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Published every Thursday by
II A HI-HEARNE & BIGC,S.
TRANSIENT RATES S
One Spunrd, (ine!rnar;eV ond time,.
Each iubsequeut inJcMi&ii,
. $i m
.-IIVCLES. W.M. A. HEARNE. WM. BIGGS.
1E35IS OP SUBSCRIPTION :
(INVARIABLY IN ADVANCE.)
' ' ' "; ' ,
One square one year, 4&t. .. f 15 (!)'
One-Fourth Column one ycr,. . . It 50 0j .
One-Half Column i4 V 01
One Column one year,..i...i .i'XjlTOjti)
. ji - i . .
Easiness Cards oceapjlfig- a f nuorc- cr
less inserted for TwcStJ: 'peilajs a jci. :
Monihly elianges aUo&e2. " .
m months,. . .
"MY COUNTRY : RIGHT OR WRONG: MY COUNTRY.'?
Twenty-Five per tent, Is added to the
aboic rates when paid at the end of the
TARBORO', EDGECOMBE COUNTY, NORTH CAROLINA, THURSDAY, SEPTEMBER 12, 1867.
I ATTORNEY AT LAW,
. " TAUBOliO', N. C.
OFFICE, one door below Tost Office,
V nd one above the store of D TeuJer & Co.
I All business intrusted to my care will
Je promptly and strictly attended to,
Sopt. -, ISoij. 12-tf
'attorney at law,
Office No. 24 West Mam Street,
1M'irs Paney, Ilymnn Co., New York,
l'r. 1. 1'. Clements, Kaltiniore.
Mcsm's. C. W Orandy &; Jions, Norfolk.
Hon. W. A. Oraliam. llillsboro', N. C.
Mou. W. N. 11. tMiiilh, Murl'roosboro', X.C
Ai.V EKGS. J- EDWIN MOOKE
BIGGS & M00UE.
ATTORNEYS AT LAW,
Tarboro', N. C,
TILL attend the Courts in the Coun
ties of Martin, Bertie, l'itt, Edge
combe, llaliiax, Nash, Wilson and Wayne,
and also the Federal, Bankrupt and Hu
vreiae Courts. Strict attention paid to
ili o collection and adjustment of claims,
and to enscs in Bankruptcy.
August 1, 1807, 3o tf
Wilson Carolinian ami Goldsboro'
Slur insert for one mouth and send bill to
1)11. R. F. ROBERTSON,
TARIJORO", N. C,
Office at the Edjrecofnbe Heusc, where
he can be found on Monday and Tuesday
of e.ich week.
May 2, 1807. 2-tf
A. E. RICKS, D. 1). L , would respect
fully say to the Citizens of Tarboro' and
its vicinity, that he is again in the practice
t,f his Piofession and will in the future
as in the past eudaavor to discharge his
duty faithfully for all those who require
Address, Rocky Mount, N. C.
Feb. 3, ISO'S 10 tf
VJI. BRYCE & CO.,
21) CHAMBER STREeT,
June 1G. 20-tf
liich'd J. Conner. Chas. II. h'iclinrason
JAS. II. McCLUER, of N. C,
7?f J. CONNER ib CO.,
3Iapufacturers and Dealers in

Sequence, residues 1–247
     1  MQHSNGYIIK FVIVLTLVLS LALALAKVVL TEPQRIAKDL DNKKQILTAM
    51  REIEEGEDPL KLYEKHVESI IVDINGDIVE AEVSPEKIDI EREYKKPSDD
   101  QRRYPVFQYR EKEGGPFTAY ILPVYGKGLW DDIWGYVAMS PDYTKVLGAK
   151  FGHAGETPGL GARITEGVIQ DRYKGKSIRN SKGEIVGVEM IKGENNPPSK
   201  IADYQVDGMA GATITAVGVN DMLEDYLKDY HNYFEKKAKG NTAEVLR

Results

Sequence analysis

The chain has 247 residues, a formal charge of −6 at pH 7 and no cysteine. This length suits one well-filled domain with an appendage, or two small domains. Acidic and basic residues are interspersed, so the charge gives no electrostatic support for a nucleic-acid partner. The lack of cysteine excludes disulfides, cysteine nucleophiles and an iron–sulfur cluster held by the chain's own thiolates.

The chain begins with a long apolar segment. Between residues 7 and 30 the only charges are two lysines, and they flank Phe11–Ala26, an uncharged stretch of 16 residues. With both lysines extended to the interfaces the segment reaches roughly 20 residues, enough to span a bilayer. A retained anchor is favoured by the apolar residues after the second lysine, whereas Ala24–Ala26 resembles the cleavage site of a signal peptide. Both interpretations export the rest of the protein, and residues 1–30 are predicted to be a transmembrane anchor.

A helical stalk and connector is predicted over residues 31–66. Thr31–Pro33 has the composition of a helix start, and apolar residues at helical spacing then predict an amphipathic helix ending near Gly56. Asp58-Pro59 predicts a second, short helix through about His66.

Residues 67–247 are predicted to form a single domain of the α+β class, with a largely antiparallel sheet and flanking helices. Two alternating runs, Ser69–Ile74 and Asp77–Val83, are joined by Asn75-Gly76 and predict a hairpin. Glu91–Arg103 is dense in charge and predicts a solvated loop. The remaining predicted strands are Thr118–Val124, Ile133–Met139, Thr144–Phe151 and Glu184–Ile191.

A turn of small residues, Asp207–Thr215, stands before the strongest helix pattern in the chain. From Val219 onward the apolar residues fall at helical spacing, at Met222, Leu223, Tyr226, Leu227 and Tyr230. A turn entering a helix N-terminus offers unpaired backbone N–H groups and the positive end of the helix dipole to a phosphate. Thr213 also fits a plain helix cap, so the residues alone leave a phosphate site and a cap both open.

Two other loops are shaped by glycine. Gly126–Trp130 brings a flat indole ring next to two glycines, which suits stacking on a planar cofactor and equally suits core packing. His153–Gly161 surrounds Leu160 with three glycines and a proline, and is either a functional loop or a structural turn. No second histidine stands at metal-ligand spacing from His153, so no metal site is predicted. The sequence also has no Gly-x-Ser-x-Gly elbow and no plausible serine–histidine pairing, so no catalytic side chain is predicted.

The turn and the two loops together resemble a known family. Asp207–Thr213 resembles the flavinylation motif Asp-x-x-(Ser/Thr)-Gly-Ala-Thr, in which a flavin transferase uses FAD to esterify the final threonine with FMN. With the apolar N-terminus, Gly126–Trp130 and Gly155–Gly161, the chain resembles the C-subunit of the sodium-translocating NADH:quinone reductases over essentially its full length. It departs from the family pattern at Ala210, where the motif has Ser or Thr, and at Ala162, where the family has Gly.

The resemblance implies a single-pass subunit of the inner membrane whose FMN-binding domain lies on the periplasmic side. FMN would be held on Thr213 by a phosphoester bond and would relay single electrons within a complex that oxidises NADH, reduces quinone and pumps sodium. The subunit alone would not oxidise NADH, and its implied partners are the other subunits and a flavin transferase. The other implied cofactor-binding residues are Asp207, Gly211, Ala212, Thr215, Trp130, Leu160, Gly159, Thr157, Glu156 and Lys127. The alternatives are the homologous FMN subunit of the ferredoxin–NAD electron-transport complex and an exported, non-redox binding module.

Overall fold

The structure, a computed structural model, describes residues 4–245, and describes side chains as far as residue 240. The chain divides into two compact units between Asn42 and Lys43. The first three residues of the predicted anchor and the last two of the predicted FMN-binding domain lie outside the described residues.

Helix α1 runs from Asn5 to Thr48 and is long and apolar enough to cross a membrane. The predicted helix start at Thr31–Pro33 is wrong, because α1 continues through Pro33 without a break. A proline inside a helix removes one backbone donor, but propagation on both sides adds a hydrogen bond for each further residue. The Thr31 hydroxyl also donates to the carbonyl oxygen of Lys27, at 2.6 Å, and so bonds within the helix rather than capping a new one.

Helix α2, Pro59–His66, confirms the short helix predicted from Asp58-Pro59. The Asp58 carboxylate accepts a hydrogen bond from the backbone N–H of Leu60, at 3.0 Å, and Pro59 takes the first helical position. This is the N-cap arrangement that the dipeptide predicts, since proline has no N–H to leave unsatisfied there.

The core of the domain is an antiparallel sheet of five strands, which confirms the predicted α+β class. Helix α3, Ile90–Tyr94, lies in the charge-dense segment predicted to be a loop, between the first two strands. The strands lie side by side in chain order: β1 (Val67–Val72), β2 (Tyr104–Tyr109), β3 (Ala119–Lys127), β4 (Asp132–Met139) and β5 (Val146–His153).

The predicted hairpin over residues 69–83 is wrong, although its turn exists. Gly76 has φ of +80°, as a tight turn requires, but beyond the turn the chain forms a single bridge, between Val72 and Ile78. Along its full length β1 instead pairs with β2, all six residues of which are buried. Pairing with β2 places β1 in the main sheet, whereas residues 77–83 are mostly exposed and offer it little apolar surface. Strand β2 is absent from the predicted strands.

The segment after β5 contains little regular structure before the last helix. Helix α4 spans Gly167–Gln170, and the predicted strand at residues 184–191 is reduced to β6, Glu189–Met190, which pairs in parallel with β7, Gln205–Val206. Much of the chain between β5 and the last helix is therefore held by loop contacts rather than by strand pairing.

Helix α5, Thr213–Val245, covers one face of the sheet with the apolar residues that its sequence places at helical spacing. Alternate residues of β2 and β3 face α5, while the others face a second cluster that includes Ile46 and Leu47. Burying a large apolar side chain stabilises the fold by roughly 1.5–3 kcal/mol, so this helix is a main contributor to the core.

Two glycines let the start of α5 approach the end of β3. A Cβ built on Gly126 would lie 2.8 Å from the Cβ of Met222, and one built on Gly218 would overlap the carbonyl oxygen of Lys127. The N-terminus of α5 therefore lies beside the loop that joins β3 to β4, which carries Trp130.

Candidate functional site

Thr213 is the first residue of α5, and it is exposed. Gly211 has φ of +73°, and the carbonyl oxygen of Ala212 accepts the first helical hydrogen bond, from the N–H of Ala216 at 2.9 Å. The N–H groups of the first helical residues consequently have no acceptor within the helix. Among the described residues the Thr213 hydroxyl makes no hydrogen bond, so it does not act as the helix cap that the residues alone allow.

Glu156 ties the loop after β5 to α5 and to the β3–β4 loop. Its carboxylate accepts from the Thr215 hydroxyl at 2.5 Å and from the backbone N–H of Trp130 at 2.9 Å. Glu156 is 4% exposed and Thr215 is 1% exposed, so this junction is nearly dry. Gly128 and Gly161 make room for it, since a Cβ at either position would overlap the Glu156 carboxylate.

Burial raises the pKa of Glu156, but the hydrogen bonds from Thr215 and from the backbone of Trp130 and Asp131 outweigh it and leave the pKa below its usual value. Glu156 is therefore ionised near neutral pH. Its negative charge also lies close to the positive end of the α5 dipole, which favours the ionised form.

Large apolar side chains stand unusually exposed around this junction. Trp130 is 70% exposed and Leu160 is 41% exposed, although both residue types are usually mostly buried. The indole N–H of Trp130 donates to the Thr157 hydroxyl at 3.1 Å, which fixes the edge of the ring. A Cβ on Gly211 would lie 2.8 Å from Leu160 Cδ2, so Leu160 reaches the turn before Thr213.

Huls, (Uips, Furs 6't raw (roods
2oi & 2515 CANAL STREET,
Nearlj opposite Earle's Hotel,
Ju!v 2 - 8o-tf
JOHN K. I!0VT,
of Washington, N. C. with
CRICKESTER & CO.,
WHOLKSALE PEALEK IS
Foreign and Domestic Hard
ware, No 10, Barclay Street, near Aston House,
Jg" All orders promptly attended to."a
Feb. 10 1 1-tf
BROWN & ClYLER,
IHEUAL ADVANCES ON CON-'
J siunients of 1'ottoil and other
Pruuuce Bagging. Ele Eope and Iron
Ties lioiiisljfd Ui I'laiilivs un luvoiabli
New Vort, An?. 29, 1&17. 30-2m
Tanuahill, IHcilwatHe & Co,,
l:JO Pearl Street,
Strict Personal Attention given to
i EST ROLL AND GUNNY BAG-
rinjr, Rope and Iron furnished at
I'Hvts iiiiirUet rales.
Taxes on Cotton will be paid by our friends
Messrs. D. Pender & Co.; Mat hew VV'dell.
Y... Messrs. Smith Ac Williams, Tarboro'.
X. C J. . Lindsey, Rocky Mount, N. C.
Messrs. G. IL Brow n t Co., Wras!nn;rton, N.
C. Aug. '2'J. 0'J-lf
A. T. BRUCE & CO.,
General Commission Mtrchunls,
' For the Sale of Cotton and other
No. 106 PEARL STREET,
'JTB ARTIES Shipping Cotton to us can be
xfL acconiniodatcd with funds to pay Tax
y catiln on Tklessr. Brown & Pippen or
tIr; IL J), y.eel, Tarboro'.
Property covered by Insurance as scon
asrtarteJ. J ' 'oeti3-4G-tf
JOHN S. DANCY, JOHN II. IIYMAN,
f Tarboro', N. C. of Scotland Neck, N.C.
JOSEPH Ii. IIYMAN,
late of Tarboro', N. C.
DANCY, IIYMAN & CO.,
Pom mission Merchants,
for the Stle of all kinds of
and purchase of General Merchandise,
No. 24 Exchange Place
aug. 24, 39-tf
HAFFA, III LUES & 10.,
AND AGENTS FOB THE SALE OF
rlour, Grain, Pork, Lard,
And Country Produce Generally,
ffo. 414 South Wharves,
fob. U, 18 '",. -, 11 Gm
RICKS, HILL & CO.,
Gen. Comm. ission Merchants
BAGGING and BQPE furnished pay
able in Cotton. Liberal advances
made. sep 1 40-tf
JAMES G0RD0X & CO.,
Conim ission Me?cituits,
KOMPT TEKSONAL, ATTENTION
given to the sale of Produce of every
kind, and to the purchase of all sunulies
for Farmers, Merchants, and pthers in the
country. nov 2l, 1-tf
Geo. II. Freer. John Ii. Xeal.
of x. a of x. c.
FREER & NEIL,
Gen. Commission .MercIianls.
LIBERAL ADVANCES ON CONSIGNMENTS
Refer to Exchange National Bank, Nor
folk, ap 25 21-ly
V.W.Grandy, C.K.GranJy, CW.Gran0.jr
C. W. GRANDY &
House Established 181a,
FORWARDING AND COMMISSION
ME R CUA2fTSt
BOR THE SALE OF COTTON,
Grain, Niival Stores and Country Pro
duce greiierafl and purchasers of General
C0WANI) & HARRISS,
General Coramissioa Merchants,
2(J CQmmoi'ctj Street,.
TILL attend promptly to sales of Cot
ton, Grain, Lumber, Tobacco, Na
val Stores, &c, and purchase of Supplies,
and forwarding Cotton and Tobacco to Eu
rope if desired.
1). G. Cowan i, Washin-ton Co., X. C.
R. J. Hauijiss, Granville, late of Halifax
Count;, X. C. aug l-3o-6m
-3- Refers to T. E. Lewis, Tarboro.
kadeii Biar.s. J. J. BIUGS
KADER BIGGS & CO.,
Miipments made to Liverpool tree 01
forwarding Comniiesipus, and the usual